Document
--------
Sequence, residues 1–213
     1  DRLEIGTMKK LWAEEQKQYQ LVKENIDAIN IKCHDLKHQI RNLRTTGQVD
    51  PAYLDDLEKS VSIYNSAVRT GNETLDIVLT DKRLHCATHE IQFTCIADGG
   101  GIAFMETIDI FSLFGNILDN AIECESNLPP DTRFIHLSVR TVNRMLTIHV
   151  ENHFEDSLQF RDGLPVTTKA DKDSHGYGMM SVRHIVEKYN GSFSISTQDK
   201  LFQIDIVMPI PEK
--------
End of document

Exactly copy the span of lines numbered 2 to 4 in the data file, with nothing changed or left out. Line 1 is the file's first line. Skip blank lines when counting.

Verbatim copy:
     1  DRLEIGTMKK LWAEEQKQYQ LVKENIDAIN IKCHDLKHQI RNLRTTGQVD
    51  PAYLDDLEKS VSIYNSAVRT GNETLDIVLT DKRLHCATHE IQFTCIADGG
   101  GIAFMETIDI FSLFGNILDN AIECESNLPP DTRFIHLSVR TVNRMLTIHV